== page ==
Playing PUBG On Xbox One Is Like Wading Through Some Very Ugly Porridge

Maybe save up for a gaming PC if you really want to get the most out of PUBG.

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When a game gets ported to console, concessions are to be expected. Textures typically aren’t as crisp, framerates are capped, and everything just isn’t anywhere as polished as its PC counterpart. If the game at its core is still great, however, a lot of its drawbacks can be overlooked.

That is absolutely not the case with the Xbox One version of PlayerUnknown’s Battlegrounds, which is out today. I can, with total honesty, say that it is one of the shoddiest and underwhelming ports I’ve ever played and only serves to make the glaring errors with the game itself that much more obvious.

All your crate are belong to us.
All your crate are belong to us.

Things immediately got off on the wrong foot for me, thanks to Bluehole somehow not understanding that this is the biggest Xbox release of the year and the first console version of Steam’s biggest ever hit. Servers were seriously overstuffed; the cables connected to the potato server clearly fizzling and crackling away, threatening to burst into flames at any second. After a while, I managed to connect to the potato, but I almost wished I could never have been able to play PUBG once I was in a match.

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PUBG on an Xbox One S looks fundamentally horrific, as if someone has rushed through the upscaling of an Xbox 360 game. Textures are consistently flat with frequent pop-in and an atrocious draw distance making everything look like it was rendered in Paint. There’s quite a fun little game to be had whenever you wander into a building, namely “guess which assets will eventually render” as you stand in an empty room before the environment suddenly appears.

Indoor firefights are pure attrition, the ugliness of everything going on on-screen combined with the almost impressive levels of slowdown making it difficult to feel involved, let alone excited. Worse still, the framerate frequently struggles to even hit its cap of thirty, making all gameplay feel as if it’s in slow motion. Apparently it isn’t much better on an Xbox One X, either.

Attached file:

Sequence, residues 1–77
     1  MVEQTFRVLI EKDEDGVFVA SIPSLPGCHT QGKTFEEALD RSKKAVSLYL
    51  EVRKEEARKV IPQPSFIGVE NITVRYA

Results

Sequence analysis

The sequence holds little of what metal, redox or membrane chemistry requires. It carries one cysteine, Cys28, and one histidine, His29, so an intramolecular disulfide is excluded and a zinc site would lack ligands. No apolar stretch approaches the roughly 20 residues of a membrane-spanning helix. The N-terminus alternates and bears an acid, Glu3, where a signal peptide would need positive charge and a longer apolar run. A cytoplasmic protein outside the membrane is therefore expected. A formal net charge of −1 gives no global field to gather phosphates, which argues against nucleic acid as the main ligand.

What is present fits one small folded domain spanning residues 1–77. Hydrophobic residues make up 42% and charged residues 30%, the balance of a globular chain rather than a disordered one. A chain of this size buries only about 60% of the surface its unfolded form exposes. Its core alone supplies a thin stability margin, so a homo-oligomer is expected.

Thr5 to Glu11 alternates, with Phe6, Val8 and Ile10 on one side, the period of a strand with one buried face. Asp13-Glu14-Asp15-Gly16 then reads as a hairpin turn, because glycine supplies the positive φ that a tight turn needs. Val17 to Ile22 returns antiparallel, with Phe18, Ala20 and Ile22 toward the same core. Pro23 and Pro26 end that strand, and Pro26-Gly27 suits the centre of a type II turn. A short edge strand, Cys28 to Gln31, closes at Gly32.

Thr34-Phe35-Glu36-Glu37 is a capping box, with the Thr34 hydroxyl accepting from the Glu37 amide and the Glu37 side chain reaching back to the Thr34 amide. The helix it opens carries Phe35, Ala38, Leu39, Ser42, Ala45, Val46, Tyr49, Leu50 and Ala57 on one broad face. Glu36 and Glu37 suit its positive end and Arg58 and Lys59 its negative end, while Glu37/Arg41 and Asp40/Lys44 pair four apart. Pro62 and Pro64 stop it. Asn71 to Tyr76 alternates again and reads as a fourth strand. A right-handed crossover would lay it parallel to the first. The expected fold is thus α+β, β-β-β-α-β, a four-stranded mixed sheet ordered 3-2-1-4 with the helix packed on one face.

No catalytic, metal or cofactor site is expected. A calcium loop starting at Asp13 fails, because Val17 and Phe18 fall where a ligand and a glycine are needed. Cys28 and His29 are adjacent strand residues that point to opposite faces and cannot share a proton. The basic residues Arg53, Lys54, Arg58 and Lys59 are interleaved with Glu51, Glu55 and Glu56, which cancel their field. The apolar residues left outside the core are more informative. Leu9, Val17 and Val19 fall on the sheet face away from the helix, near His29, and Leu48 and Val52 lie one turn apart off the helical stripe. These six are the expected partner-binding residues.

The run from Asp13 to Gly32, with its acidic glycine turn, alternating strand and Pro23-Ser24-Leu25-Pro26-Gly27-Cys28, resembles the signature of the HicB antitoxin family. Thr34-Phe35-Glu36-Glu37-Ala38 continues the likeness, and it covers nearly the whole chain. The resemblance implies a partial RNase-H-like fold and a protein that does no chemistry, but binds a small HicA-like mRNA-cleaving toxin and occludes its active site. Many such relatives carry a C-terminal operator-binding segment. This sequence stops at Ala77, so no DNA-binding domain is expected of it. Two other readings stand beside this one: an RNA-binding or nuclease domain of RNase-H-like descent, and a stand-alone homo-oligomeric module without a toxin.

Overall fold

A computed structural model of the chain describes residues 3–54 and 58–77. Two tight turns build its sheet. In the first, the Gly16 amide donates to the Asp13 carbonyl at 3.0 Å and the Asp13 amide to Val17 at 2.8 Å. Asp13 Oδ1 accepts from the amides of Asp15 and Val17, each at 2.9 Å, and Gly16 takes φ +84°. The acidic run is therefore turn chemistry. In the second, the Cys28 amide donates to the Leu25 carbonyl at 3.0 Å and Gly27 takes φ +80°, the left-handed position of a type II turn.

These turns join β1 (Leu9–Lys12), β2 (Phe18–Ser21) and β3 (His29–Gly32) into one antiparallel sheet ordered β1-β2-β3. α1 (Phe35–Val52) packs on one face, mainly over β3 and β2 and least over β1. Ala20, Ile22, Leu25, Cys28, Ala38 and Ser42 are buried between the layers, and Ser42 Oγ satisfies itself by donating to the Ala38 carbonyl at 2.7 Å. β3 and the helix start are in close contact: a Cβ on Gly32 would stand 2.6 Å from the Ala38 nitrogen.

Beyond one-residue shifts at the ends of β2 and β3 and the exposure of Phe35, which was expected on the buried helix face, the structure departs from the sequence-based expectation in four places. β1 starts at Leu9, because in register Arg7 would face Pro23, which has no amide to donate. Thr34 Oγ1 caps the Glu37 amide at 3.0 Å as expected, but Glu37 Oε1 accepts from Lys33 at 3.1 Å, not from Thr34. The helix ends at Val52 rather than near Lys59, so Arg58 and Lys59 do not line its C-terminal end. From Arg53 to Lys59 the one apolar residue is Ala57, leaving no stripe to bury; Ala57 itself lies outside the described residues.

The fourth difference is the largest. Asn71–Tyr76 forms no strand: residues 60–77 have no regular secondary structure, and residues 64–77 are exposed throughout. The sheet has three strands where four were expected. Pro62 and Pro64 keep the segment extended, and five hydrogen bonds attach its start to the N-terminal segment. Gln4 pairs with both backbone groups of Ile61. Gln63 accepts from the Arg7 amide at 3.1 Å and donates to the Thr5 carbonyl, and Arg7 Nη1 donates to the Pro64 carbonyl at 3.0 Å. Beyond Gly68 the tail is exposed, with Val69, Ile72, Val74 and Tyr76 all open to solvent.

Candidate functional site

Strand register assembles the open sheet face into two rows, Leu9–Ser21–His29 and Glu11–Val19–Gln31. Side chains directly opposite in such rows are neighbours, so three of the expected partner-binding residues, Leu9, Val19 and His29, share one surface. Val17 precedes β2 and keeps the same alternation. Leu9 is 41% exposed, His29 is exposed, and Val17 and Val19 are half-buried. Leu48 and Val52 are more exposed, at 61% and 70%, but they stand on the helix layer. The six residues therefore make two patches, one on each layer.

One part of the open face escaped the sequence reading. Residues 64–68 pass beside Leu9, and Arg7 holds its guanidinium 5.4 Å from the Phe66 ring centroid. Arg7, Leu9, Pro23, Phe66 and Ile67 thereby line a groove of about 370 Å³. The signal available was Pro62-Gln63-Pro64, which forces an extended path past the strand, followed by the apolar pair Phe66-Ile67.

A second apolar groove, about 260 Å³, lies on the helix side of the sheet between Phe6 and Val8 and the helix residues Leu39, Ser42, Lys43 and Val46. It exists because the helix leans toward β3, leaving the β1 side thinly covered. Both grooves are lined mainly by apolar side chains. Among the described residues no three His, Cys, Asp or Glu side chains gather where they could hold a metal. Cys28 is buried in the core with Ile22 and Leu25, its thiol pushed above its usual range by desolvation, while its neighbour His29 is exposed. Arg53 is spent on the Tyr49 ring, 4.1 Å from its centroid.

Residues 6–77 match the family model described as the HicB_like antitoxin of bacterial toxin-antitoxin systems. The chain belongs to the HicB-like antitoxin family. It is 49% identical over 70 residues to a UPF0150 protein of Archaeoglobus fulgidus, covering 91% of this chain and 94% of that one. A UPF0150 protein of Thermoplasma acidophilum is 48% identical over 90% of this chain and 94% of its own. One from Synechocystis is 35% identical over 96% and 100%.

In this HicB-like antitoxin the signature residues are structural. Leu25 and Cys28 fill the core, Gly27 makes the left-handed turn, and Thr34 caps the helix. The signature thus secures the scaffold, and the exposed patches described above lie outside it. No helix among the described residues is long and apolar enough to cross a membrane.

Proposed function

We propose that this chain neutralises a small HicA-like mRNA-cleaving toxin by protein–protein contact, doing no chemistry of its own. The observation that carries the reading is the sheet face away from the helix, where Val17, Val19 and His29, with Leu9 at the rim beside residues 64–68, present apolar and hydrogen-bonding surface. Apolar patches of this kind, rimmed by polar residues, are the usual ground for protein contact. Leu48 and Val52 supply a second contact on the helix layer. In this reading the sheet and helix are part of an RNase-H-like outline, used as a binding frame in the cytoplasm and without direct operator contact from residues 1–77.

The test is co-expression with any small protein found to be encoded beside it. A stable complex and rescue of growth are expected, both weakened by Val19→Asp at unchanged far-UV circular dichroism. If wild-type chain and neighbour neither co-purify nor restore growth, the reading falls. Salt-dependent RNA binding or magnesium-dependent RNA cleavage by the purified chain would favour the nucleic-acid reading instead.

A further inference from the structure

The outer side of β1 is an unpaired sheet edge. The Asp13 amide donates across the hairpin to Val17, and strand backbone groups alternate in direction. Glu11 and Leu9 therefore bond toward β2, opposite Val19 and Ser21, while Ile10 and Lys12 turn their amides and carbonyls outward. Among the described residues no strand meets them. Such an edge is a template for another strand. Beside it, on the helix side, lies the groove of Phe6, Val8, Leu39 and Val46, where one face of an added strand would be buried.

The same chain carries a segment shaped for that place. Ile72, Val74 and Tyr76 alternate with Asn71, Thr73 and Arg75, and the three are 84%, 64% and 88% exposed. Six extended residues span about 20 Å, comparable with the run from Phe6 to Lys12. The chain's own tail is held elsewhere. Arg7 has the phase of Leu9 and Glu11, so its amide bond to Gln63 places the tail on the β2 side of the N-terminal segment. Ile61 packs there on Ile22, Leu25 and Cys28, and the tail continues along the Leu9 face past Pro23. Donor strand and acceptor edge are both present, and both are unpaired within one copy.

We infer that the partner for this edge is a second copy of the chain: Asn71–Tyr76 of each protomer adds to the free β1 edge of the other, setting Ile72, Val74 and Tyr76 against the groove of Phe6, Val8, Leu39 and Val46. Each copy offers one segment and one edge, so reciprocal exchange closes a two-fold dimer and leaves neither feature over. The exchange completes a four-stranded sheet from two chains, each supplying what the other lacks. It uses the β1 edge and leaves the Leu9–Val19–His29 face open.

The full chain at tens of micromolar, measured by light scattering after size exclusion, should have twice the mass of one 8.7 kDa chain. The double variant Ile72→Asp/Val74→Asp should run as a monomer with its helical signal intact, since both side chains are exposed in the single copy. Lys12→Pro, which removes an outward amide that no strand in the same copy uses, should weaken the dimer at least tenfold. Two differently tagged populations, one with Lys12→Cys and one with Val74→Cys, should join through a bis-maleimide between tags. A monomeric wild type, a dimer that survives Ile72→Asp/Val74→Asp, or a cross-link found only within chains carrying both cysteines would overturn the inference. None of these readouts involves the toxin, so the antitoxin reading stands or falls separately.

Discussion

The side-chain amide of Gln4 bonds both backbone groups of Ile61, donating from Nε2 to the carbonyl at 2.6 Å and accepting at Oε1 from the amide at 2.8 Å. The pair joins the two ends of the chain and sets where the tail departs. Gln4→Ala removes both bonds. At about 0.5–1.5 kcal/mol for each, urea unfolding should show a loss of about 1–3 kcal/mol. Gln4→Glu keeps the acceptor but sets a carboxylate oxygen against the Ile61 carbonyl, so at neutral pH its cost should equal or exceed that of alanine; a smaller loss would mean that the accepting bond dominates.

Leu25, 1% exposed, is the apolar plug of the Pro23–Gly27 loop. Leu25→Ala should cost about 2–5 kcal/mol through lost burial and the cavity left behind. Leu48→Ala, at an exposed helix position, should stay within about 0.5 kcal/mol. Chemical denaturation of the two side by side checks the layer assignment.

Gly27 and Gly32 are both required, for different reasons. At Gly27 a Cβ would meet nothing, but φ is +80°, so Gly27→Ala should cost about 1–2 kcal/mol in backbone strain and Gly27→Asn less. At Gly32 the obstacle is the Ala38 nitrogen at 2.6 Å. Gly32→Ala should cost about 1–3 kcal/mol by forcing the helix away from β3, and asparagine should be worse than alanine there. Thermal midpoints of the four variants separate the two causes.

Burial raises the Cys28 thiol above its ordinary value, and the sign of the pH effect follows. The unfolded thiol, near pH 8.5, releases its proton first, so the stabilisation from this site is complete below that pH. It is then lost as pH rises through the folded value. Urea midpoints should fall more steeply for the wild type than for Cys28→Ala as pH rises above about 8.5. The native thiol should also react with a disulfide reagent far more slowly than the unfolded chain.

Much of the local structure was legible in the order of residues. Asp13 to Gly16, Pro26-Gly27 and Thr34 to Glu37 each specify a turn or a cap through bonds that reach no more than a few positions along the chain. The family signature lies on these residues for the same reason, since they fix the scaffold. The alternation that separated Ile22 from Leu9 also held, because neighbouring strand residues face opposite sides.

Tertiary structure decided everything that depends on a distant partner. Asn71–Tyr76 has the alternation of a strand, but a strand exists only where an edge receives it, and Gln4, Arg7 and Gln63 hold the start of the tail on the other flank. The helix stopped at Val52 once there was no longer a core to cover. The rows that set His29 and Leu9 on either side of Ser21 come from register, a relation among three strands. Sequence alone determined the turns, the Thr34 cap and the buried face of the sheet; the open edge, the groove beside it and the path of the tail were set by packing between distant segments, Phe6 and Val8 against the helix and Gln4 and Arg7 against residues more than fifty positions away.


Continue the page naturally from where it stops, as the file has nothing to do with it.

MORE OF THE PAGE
Here are just a few of the game’s most stunning scenes.

PUBg Xbox One

PUBg Xbox One

PUBg Xbox One
What is this? A couch?

PUBg Xbox One

Through about two hours of frustration, I kept giving PUBG constant chances, shrugging off its issues as Early Access issues. But then I kept remembering Fortnite: a battle royale game also in Early Access that runs smooth as butter on console. PUBG on PC is no perfect venture, but it’s nowhere near as bad as this – it all smacks of rushing something out for the Christmas boom.

I kept persevering, even after a hard crash just before I was about to land, but the final straw was when I came up against man’s worst enemy: invisible gravity.

It’s still really early for PUBG on Xbox One and its problems will no doubt get patched, but it gives off just about the worst impression imaginable, even to someone who was beyond excited to play PlayerUnknown’s brand of murder from the comfort of his couch. But now instead all I want to do is build increasingly more ridiculous bases with my friends in a game that hasn’t been quite as cynically pushed to market.

PUBG on Xbox One is certainly no chicken dinner, more like microwave dinner for one while your cat plots to kill you in your sleep. If you can find the jewel of a game at its core –the same one that has enchanted millions upon millions of players on PC– you’re a more forgiving person than I am and all the power to you. For me, however, the damage has been done and the hype train has one less passenger.

Update 13/12/17: Digital Foundry video added.

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